Donald Trump’s medical examination has sparked online skepticism, dubbed the ‘girther movement’, as questions were raised over the measurements given for his height and weight.
In his annual health check, the US president’s official weight was given as 239 pounds (17 stone) and his height as 75in (6ft3), which classes him as medically overweight but just shy of obese.
However, the White House doctor’s claim that Mr Trump is in “excellent” health has prompted online mockery in the form of the Twitter hashtag ‘#girther’.
The online movement, which questions whether Mr Trump’s true weight was provided, echos the ‘birther’ conspiracy theory Mr Trump led over Barack Obama’s birth records.
Mr Trump alleged that Mr Obama was born in Kenya and was therefore not eligible to be a US president.
Among the skeptics was Guardians of the Galaxy director James Gunn, who has offered to donate $100,000 to a charity of Mr Trump’s choice if he steps on a scale.
There have been around 56,000 tweets about the girther movement since Mr Trump’s measurements were released, with one of the first tweets to use the term posted by political commentator Chris Hayes.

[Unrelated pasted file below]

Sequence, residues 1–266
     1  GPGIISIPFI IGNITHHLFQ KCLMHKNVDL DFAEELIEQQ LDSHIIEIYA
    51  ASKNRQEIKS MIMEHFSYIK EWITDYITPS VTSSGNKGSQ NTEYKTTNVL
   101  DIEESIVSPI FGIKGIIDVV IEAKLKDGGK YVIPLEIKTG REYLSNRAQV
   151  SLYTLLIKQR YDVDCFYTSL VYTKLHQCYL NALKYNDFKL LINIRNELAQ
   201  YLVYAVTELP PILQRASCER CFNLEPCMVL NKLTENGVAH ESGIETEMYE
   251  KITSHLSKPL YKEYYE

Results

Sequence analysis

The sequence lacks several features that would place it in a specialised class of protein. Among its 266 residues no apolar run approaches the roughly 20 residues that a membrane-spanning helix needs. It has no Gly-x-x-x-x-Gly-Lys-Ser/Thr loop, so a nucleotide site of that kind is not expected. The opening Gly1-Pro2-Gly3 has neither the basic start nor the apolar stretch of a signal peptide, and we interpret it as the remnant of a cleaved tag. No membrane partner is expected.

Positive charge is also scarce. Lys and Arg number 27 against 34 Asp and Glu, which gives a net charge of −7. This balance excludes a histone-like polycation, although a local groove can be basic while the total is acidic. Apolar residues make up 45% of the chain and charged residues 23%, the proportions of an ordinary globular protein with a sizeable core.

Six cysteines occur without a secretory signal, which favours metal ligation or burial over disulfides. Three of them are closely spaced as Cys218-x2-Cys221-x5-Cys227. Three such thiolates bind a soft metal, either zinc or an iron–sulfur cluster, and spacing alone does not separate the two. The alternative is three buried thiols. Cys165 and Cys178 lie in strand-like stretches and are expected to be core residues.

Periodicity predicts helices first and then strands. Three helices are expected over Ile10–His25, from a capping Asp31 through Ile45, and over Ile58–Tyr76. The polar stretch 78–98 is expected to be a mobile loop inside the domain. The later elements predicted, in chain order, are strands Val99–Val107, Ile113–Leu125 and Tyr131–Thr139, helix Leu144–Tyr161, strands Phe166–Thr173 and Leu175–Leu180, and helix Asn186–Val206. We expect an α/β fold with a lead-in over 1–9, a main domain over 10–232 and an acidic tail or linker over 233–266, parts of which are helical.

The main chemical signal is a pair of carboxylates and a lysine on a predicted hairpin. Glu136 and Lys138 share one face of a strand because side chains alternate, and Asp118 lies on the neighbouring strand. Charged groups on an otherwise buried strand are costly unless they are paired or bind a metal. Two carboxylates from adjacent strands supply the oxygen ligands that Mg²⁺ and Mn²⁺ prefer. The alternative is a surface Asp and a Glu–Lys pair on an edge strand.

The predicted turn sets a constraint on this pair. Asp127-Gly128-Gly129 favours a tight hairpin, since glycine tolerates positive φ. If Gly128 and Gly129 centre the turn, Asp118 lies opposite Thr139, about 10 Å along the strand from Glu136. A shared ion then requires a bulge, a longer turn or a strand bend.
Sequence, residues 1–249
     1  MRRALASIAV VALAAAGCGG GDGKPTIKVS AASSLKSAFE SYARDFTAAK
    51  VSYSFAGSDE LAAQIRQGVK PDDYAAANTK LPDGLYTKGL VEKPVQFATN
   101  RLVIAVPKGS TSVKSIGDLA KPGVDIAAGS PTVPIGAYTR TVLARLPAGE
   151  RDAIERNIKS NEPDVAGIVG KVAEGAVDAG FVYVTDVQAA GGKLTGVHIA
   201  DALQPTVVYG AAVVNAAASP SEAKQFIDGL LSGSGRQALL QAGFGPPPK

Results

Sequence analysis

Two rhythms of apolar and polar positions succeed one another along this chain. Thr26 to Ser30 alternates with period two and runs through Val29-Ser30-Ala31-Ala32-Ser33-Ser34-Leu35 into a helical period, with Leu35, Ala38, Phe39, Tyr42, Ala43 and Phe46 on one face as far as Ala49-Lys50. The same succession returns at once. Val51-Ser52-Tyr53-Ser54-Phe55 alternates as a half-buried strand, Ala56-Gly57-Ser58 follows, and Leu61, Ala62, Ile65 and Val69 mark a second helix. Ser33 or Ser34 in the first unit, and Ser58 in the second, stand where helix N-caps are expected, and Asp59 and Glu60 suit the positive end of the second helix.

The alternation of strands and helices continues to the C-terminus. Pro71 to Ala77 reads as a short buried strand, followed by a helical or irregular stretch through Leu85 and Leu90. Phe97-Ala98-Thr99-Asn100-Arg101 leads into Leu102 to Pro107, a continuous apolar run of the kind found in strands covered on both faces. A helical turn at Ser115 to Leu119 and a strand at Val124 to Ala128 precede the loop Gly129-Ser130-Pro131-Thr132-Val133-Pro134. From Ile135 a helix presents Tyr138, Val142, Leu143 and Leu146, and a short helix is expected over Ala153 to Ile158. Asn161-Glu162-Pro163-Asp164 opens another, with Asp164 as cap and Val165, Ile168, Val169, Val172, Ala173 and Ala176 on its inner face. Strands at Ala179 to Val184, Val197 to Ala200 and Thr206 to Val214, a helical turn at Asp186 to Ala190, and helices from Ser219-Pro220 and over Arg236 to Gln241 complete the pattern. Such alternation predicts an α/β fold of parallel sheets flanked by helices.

Mr Hayes wrote: “Has anyone coined ‘girther’ for those who believe the president weighs more than his doctor reports?”
One of the most popular tweets included a photograph purporting to show Mr Trump’s driving licence listing the president as 6ft 2in, an inch shorter than Dr Ronny Jackson, the White House doctor, reported.
If Mr Trump was 6ft 2in he would have a higher BMI and would be classed as obese.
Others posted photos of Mr Trump standing next to well-known figures in a bid to compare their heights and weights.
However, some social media users hit back at the claims, pointing out that muscle weighs more than fat, while some questioned whether the online mockery amounted to “fat shaming”.